This week, one of the Big Four banks in Australia introduced a special paid parental leave policy for their employees. Westpac’s new special paid parental leave for premature birth, which takes effect from 1 October 2021, means if an employee has a pre-term birth (before 37 weeks), they will be entitled to special paid parental leave in addition to the standard parental paid leave.
“Pregnancy is an exciting time in people's lives but can also bring challenges, especially for families with a pre-term baby,” said Westpac Group Executive Human Resources, Christine Parker.
“This additional support for premature birth is about helping our people during this challenging time before they start their parental leave entitlement.
“We know everyone’s experience with pregnancy is different, and as a major employer we want to make sure we’re providing the best support to parents and carers in important life moments.”
As Australia’s leading organisation supporting premature and sick newborns, their families and the hospitals that care for them, Miracle Babies Foundation has long recognised a gap in paid parental support for these families and welcomes the announced changes. We acknowledge it will help ease some of the burden these families face and look forward to more of corporate Australia improving their parental leave standards for employees.
"I lost 10+ weeks of paid work (being casual with set hours each week) due to having bubs born at 25 weeks. We lived an hour away from the hospital. This put extra strain on our financial position and time spent with bubs.”
Miracle parent from our recent Paid Parental Leave survey.
Every year in Australia more than 48,000 newborn babies require the help of a Neonatal Intensive Care Unit (NICU) or Special Care Nursery (SCN). Caring for these babies creates added pressure on families’ emotions, time, and finances. Parents of premature babies often find themselves needing to take leave from work unexpectedly and much earlier than anticipated.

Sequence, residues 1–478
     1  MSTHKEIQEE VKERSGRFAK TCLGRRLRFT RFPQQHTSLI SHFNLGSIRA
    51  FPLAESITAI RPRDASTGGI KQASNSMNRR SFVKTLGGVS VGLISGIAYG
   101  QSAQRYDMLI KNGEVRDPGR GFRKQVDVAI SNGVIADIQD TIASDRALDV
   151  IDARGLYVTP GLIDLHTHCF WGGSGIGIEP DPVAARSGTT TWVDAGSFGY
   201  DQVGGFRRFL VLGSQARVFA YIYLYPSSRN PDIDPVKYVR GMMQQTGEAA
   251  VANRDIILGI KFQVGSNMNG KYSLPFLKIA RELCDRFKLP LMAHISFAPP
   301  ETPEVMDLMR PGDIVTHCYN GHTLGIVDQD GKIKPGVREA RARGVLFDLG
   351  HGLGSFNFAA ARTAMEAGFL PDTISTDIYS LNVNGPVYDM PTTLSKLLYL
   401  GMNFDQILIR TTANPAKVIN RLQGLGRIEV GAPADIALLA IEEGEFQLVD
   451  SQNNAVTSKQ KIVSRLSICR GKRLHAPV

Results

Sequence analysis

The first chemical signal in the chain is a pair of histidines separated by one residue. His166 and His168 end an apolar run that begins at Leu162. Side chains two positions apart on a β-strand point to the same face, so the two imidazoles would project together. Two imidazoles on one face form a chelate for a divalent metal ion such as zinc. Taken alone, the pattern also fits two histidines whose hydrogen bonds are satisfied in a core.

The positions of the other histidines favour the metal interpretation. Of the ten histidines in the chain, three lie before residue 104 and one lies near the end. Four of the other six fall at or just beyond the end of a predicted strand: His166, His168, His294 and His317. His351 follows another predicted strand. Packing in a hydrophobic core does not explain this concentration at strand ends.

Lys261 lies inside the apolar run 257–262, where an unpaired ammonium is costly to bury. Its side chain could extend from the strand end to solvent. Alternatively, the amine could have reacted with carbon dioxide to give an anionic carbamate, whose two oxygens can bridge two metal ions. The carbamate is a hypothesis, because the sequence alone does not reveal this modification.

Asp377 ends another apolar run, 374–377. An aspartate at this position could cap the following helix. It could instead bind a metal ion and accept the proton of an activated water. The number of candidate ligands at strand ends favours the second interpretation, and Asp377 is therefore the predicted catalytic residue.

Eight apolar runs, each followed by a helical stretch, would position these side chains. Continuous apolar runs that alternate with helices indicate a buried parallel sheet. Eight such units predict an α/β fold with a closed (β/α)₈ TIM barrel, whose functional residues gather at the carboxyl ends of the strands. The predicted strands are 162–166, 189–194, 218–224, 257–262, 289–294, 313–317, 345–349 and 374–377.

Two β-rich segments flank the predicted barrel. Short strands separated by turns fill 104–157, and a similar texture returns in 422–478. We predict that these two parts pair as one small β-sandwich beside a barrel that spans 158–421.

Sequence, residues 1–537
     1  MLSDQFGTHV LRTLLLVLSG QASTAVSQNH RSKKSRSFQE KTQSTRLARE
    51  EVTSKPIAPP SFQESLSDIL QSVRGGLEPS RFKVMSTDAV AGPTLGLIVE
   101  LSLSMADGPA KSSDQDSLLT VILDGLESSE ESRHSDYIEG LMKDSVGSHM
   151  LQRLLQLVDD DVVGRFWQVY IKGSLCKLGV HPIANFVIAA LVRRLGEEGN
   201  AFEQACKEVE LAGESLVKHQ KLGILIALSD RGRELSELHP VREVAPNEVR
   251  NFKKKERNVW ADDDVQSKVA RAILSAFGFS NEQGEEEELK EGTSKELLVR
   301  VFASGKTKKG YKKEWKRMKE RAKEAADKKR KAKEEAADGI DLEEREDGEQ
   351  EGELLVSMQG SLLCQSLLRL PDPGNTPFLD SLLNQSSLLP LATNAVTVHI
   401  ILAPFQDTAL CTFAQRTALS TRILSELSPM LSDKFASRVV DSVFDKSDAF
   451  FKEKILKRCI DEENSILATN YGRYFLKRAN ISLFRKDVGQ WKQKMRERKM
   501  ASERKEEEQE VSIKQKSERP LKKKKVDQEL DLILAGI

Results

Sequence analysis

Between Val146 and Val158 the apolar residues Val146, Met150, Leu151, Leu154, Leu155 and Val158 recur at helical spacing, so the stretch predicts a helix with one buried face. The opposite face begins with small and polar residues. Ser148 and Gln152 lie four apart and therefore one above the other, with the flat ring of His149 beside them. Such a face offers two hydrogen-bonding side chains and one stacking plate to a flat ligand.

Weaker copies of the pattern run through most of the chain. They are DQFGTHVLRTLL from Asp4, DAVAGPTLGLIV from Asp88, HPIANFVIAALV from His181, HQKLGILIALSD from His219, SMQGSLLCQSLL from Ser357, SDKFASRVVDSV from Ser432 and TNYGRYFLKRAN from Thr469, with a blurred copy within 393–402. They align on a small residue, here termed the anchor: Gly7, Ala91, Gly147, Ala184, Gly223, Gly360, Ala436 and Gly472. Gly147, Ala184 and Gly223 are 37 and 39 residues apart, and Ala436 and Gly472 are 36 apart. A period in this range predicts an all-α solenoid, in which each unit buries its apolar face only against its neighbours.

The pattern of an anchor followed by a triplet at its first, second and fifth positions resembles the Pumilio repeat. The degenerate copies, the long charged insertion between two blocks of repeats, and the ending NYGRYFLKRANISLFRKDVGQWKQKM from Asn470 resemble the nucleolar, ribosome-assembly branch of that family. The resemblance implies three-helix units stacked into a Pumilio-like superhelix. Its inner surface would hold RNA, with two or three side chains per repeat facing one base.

“Westpac is leading the private sector by introducing premature birth leave and we warmly welcome this initiative. It’s so important that parents can be with their premature babies who often require specialised care in their early stages of life and having employers with supportive leave policies can really help to lessen the burden on families,” said Miracle Babies CEO, Kylie Pussell.
Miracle Babies will continue to advocate for improvements to Paid Parental Leave within the private sector and the federal government, to better accommodate families with a sick or premature baby in hospital. We most recently partnered with the Centre of Research Excellence for Newborn Medicine at the Murdoch Children’s Research Institute, and The University of Melbourne to undertake an important research study into experiences of paid parental leave in Australia and the financial impact of having a baby requiring neonatal intensive or special care after birth.
“We need to support families to be with their premature or sick babies during the first year of development. Current parental leave legislation in Australia does not take into account that many parents of premature or sick babies may spend weeks or months with their baby in hospital. This means that some parents are having to go back to work whilst their baby is still in hospital, take leave without pay or are forced to resign from their jobs. This has huge financial impact on families who are already under increased stress,” says Associate Professor Alicia Spittle from the Centre of Research Excellence for Newborn Medicine at the Murdoch Children’s Research Institute.